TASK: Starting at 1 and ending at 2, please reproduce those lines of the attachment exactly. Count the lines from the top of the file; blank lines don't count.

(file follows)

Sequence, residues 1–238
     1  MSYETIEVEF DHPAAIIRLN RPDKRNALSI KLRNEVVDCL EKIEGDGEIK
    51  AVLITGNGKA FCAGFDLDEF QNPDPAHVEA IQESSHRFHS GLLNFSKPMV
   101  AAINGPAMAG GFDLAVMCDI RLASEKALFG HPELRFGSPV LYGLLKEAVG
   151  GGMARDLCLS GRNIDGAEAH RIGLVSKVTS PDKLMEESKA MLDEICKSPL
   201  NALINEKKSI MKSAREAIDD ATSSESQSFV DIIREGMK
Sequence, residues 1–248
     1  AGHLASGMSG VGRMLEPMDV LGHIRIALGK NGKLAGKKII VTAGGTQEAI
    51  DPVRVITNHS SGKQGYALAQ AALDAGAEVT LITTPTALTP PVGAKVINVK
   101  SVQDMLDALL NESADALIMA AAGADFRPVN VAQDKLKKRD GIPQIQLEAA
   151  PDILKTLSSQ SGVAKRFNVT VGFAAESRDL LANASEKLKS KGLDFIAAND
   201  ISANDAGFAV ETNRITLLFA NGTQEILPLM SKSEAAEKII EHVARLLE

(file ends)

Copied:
Sequence, residues 1–238
     1  MSYETIEVEF DHPAAIIRLN RPDKRNALSI KLRNEVVDCL EKIEGDGEIK